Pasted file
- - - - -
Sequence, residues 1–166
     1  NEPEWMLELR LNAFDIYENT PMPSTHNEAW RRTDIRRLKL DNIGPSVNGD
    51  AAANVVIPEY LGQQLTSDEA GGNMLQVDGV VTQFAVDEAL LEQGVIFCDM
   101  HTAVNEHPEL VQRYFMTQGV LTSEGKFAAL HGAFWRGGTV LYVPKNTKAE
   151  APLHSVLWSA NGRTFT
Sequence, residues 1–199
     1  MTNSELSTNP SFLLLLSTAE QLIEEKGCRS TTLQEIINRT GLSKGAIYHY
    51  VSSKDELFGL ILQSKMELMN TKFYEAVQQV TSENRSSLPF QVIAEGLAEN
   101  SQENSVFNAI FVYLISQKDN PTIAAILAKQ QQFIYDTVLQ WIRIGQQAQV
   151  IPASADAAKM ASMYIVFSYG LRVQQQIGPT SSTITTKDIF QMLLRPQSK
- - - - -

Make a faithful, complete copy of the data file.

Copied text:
Sequence, residues 1–166
     1  NEPEWMLELR LNAFDIYENT PMPSTHNEAW RRTDIRRLKL DNIGPSVNGD
    51  AAANVVIPEY LGQQLTSDEA GGNMLQVDGV VTQFAVDEAL LEQGVIFCDM
   101  HTAVNEHPEL VQRYFMTQGV LTSEGKFAAL HGAFWRGGTV LYVPKNTKAE
   151  APLHSVLWSA NGRTFT
Sequence, residues 1–199
     1  MTNSELSTNP SFLLLLSTAE QLIEEKGCRS TTLQEIINRT GLSKGAIYHY
    51  VSSKDELFGL ILQSKMELMN TKFYEAVQQV TSENRSSLPF QVIAEGLAEN
   101  SQENSVFNAI FVYLISQKDN PTIAAILAKQ QQFIYDTVLQ WIRIGQQAQV
   151  IPASADAAKM ASMYIVFSYG LRVQQQIGPT SSTITTKDIF QMLLRPQSK